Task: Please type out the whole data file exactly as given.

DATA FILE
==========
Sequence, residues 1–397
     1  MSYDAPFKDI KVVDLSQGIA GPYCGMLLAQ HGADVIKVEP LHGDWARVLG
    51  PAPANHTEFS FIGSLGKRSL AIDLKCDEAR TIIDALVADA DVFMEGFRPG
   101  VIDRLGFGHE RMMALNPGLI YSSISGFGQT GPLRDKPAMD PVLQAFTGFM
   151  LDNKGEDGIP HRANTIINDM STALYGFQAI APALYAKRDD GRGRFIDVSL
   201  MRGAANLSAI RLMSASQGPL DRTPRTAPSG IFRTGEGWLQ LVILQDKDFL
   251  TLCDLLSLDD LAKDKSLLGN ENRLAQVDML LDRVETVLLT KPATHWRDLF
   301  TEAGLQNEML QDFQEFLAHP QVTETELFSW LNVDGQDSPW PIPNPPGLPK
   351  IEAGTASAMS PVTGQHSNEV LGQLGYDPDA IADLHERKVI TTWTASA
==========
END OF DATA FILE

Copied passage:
Sequence, residues 1–397
     1  MSYDAPFKDI KVVDLSQGIA GPYCGMLLAQ HGADVIKVEP LHGDWARVLG
    51  PAPANHTEFS FIGSLGKRSL AIDLKCDEAR TIIDALVADA DVFMEGFRPG
   101  VIDRLGFGHE RMMALNPGLI YSSISGFGQT GPLRDKPAMD PVLQAFTGFM
   151  LDNKGEDGIP HRANTIINDM STALYGFQAI APALYAKRDD GRGRFIDVSL
   201  MRGAANLSAI RLMSASQGPL DRTPRTAPSG IFRTGEGWLQ LVILQDKDFL
   251  TLCDLLSLDD LAKDKSLLGN ENRLAQVDML LDRVETVLLT KPATHWRDLF
   301  TEAGLQNEML QDFQEFLAHP QVTETELFSW LNVDGQDSPW PIPNPPGLPK
   351  IEAGTASAMS PVTGQHSNEV LGQLGYDPDA IADLHERKVI TTWTASA